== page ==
1. You can think of these things as huge batteries
As you might imagine, a "pit stop" at one of the Formula E races is quite different from a traditional race with automobiles using internal combustion engines. Instead of refueling the car midway through the race, the drivers actually change vehicles — each one is allowed to use two, and they must switch at some point during the race. (Saturday’s heat was 43 laps; Sunday's was 49.)
What that means, of course, is that one of the driver’s roles is to manage the heck out of the battery capacity, using as much of a car’s capacity as possible before having to switch. According to the Formula E specifications, each car has a maximum power capacity of 200 kilowatts. The energy that can be delivered to the motor generator unit is limited to 28 kilowatt-hours. The EVs are still very fast: they can accelerate from 0 to 62 miles per hour in three seconds; their maximum speed is 225 kilometers.
One of Enel’s motives at the event was to test the limits of its energy management software, which was used to help monitor consumption throughout the event. It also uses these races as a venue to test how cars can contribute back to power grid running the event as energy storage devices when they aren’t being driven (or waiting to be).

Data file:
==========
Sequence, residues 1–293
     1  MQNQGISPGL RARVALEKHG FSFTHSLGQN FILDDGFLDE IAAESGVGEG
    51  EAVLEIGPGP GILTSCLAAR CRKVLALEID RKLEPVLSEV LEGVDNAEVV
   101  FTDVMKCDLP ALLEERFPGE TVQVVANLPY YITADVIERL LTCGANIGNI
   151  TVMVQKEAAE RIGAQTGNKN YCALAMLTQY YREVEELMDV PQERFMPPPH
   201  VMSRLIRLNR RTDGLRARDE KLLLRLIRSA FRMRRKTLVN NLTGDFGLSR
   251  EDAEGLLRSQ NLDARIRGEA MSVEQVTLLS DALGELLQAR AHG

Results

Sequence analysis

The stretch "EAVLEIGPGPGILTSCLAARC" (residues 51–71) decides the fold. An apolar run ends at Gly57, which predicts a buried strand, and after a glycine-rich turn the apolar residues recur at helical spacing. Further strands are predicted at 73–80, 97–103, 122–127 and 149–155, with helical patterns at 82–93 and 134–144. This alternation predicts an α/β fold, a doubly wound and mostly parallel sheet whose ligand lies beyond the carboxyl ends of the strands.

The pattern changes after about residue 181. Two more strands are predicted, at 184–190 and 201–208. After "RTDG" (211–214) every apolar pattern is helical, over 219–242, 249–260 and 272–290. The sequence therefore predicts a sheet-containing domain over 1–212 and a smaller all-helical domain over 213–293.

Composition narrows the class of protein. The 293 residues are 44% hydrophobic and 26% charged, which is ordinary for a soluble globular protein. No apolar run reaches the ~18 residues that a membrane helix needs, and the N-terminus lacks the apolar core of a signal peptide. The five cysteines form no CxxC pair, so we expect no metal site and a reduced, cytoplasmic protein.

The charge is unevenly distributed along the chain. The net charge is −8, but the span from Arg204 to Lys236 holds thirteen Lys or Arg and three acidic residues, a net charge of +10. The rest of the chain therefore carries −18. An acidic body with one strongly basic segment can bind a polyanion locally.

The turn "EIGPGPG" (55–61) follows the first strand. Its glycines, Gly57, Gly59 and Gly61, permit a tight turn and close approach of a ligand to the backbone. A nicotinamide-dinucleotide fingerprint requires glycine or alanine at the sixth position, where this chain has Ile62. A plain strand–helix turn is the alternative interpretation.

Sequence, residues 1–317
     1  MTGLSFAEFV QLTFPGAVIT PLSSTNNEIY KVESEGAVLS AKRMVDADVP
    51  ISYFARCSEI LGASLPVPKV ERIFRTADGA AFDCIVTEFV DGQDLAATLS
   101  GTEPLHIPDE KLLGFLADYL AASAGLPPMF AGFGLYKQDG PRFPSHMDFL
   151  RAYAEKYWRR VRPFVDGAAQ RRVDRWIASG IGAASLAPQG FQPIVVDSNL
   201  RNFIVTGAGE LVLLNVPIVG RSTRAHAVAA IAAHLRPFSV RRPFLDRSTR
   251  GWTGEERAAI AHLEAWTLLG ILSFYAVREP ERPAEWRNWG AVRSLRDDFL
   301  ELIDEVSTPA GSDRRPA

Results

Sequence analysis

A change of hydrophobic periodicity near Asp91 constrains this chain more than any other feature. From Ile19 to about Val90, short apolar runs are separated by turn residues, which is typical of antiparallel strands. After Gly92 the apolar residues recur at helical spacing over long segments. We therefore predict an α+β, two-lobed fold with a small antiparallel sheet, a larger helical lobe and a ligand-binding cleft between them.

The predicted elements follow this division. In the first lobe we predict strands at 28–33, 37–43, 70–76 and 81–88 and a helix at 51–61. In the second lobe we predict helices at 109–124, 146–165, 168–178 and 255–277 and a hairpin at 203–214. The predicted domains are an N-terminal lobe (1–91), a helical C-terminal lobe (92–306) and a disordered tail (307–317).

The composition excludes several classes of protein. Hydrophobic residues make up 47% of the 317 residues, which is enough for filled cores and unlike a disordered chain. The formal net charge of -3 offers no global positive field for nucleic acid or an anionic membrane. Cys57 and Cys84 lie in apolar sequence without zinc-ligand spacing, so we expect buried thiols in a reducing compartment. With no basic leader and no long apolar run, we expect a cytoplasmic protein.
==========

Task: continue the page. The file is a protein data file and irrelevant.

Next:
Enel is laser-focused on the idea of using two-way vehicle-to-grid charging technologies to stabilize power grids and the integration of renewable generating sources.
During a briefing at the Formula E event, Ernesto Ciorra, Enel’s innovation and sustainability director, outlined a service that it’s creating in collaboration with technology startup Nuvve. By aggregating the batteries from EV owners, Enel offers virtual power plants that system operators can call upon to manage demand. When demand is high, the plugged-in vehicles offer energy storage. When there’s an excess of production from the renewable generating resources is when the cars will be charged. Given that most people use their cars only about two hours per day, the impact of these resources is not negligible.